Russian bonds model the supply and demand concept
On March 29, Russia returned to the international capital markets with a $7 billion Eurobond issue that was more than three times oversubscribed. This sale was only the second since the Kremlin suspended debt issuances following the 1998 crisis. It followed a sale of domestic Russian bonds at the beginning of February, which was more than five times oversubscribed, with up to 80 percent of the demand coming from overseas, according to bond traders. In that sale, demand was so high that the Russian Ministry of Finance more than doubled the offering to 35 billion rubles ($1.1 billion).
The success of this latest sale only reinforces Russia’s claim to be the most attractive debt market in the world. With more than $500 billion of reserves in the bank, Russia can cover its external debt dollar-for-dollar with cash. However, the solidity of Russia’s financial position is not reflected in the yields. While most developed markets have slashed interest rates to a few percent at best, the Russian sovereign yield of 5.67% on the longest version of the latest bond, which matures in 2042, is very attractive. The relatively low yield was key, as the government’s bond will be used as a benchmark against which to measure prices for a flood of corporate bonds that are expected to follow.
“[The yield was] very important for us because these investors guide others interested in investing,” Finance Minister Anton Siluanov said on the day of the issue. “Russia had very good success, and that will manifest itself in the borrowings of other state-run companies, including infrastructure ones.”
The yields on the domestically traded Ministry of Finance bonds, known as O.F.Z.s, are even more appealing, as they carry the highest yields of all major emerging markets. Demand for the O.F.Z. has soared since the start of the year, when foreign investors were given direct access to the domestic Russian bond market following reforms that went into effect in February. The yields of 8 percent in ruble terms and 15% in dollar terms led to these bonds being snapped up by foreign investors.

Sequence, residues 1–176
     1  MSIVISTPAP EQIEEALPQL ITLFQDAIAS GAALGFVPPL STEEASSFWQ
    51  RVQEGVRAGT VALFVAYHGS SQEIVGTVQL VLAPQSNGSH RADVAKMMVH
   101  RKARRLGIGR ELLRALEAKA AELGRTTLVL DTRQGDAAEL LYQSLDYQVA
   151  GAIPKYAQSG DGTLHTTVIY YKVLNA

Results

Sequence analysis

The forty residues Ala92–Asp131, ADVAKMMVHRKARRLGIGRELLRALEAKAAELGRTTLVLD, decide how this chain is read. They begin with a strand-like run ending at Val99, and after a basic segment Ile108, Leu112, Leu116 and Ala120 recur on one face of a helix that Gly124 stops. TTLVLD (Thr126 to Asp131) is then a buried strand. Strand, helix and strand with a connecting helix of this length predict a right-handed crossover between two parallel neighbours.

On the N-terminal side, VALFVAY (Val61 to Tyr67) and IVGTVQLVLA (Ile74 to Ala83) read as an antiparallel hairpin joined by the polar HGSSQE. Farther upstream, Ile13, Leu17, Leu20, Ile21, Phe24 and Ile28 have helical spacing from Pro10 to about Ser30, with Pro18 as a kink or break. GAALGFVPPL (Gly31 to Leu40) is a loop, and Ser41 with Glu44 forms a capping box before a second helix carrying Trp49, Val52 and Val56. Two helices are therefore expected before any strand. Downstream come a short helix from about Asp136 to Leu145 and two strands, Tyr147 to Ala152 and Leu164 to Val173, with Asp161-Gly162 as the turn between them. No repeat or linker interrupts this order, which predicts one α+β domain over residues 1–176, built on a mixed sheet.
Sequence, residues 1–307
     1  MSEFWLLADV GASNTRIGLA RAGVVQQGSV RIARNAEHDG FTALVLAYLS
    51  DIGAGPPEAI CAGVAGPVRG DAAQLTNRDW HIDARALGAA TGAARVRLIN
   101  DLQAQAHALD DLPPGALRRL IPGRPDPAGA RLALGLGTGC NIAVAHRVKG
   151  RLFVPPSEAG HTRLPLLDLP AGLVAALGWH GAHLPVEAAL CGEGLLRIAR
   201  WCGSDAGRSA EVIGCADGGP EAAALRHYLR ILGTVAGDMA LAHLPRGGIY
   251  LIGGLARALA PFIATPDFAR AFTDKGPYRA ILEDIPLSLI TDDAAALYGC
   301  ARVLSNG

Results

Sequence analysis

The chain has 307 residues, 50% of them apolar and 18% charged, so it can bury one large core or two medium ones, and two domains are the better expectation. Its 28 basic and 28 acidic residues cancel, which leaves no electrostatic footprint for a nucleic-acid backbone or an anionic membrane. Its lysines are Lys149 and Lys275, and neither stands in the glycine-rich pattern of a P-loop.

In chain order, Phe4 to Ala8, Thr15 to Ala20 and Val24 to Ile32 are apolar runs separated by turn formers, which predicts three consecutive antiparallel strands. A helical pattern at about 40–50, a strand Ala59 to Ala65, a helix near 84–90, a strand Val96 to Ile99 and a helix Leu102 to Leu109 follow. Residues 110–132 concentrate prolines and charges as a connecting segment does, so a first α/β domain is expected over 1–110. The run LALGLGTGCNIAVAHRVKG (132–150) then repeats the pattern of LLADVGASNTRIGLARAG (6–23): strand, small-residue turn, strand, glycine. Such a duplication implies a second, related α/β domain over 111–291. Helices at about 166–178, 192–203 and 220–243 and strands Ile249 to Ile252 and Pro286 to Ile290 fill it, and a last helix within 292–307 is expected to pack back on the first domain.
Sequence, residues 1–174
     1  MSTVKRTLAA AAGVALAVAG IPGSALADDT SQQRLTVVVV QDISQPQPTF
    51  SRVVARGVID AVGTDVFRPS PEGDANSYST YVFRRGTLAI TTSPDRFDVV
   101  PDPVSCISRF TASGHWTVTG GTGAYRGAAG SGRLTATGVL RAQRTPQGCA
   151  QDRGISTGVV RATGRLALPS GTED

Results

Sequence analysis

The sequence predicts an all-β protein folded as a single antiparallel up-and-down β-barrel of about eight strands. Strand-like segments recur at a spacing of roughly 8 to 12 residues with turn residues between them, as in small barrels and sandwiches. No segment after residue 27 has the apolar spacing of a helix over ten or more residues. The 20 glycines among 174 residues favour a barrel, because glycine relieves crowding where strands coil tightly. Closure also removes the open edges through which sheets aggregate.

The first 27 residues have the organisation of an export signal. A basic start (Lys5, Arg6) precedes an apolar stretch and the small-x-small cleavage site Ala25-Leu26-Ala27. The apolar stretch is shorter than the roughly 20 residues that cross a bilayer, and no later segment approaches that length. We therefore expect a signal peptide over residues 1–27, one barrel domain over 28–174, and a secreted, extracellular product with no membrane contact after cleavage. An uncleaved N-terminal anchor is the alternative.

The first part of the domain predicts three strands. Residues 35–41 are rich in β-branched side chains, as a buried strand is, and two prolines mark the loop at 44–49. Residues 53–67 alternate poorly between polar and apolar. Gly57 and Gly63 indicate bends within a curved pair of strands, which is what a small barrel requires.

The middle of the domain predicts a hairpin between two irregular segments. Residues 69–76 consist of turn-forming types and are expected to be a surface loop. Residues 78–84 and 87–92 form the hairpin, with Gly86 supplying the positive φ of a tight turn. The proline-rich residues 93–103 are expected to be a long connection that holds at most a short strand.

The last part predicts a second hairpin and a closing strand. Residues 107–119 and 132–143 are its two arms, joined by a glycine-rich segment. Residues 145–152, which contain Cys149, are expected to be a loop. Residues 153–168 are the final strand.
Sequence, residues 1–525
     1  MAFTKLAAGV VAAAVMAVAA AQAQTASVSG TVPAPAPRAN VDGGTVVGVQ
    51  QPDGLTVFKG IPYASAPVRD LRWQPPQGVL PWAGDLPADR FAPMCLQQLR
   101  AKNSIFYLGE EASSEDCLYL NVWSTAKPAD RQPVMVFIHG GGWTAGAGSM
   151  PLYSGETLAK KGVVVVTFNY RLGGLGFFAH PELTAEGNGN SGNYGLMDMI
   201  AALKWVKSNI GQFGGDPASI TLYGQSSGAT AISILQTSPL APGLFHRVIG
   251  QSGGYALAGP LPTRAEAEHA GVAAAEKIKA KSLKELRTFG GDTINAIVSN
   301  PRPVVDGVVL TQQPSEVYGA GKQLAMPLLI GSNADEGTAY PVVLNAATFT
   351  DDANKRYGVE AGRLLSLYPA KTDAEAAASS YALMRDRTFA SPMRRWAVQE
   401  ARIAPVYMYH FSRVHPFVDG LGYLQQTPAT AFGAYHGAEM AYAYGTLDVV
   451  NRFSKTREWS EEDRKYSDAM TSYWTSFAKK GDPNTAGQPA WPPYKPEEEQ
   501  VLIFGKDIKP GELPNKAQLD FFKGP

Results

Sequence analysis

“Even though true liberalization hasn’t happened yet, you can see the effects on the market. Some foreign investors are already accessing O.F.Z.s, and local traders and investors are speculating ahead of the expected full liberalization,” said Dmitry Yakushin, a fixed-income trader at Renaissance Capital in Moscow.
The further reforms that will give foreign traders full access to Russia’s buoyant domestic debt market still have a few more hurdles to cross, but the goal is for Russia’s Micex exchange to be hooked up to Euroclear, the main European trading platform, this summer. This will make it possible for foreign traders to buy and sell Russian issues without ever leaving their desks.
“Previously, foreign investors seeking Russian sovereign exposure required local broking accounts at Micex, and they needed local custody accounts. This could take months and even years to complete,” said Martin Gregson, a spokesman for Euroclear. “That has now changed — the bonds can be bought [over the counter], and a Micex account is no longer required. This will allow many offshore investors access, and we think even more will gain access once O.F.Z.s are able to be settled through international depositaries, like Euroclear.”
Reforms and Russia’s solid fundamentals are only two factors driving the booming bond market. The reluctance of domestic banks to lend to Russian companies along with the state’s policy to push borrowers to borrow at home rather than abroad are both adding to the impetus.
The state is looking for more ways to raise money in anticipation of the increased government spending in the near future necessary to carry out many of President-elect Vladimir Putin’s campaign promises. Moscow hopes to borrow a page from Washington’s strategy book and finance government spending through increased borrowing in its own currency.
Source: Bloomberg, VTB Capital Research. Click to enlarge.
Heavy spending by the state means that the surpluses the government enjoyed in the last decade could soon become a thing of the past. The efforts by the Ministry of Finance to create an efficient debt market are part of a drive to finance the expected budget deficits.
Russia plans a net issuance of 1.2 trillion rubles ($41 million) in 2012, larger than the programmed 1.5% of G.D.P. deficit, making Russia the fastest-growing local debt market among emerging economies, according to Morgan Stanley.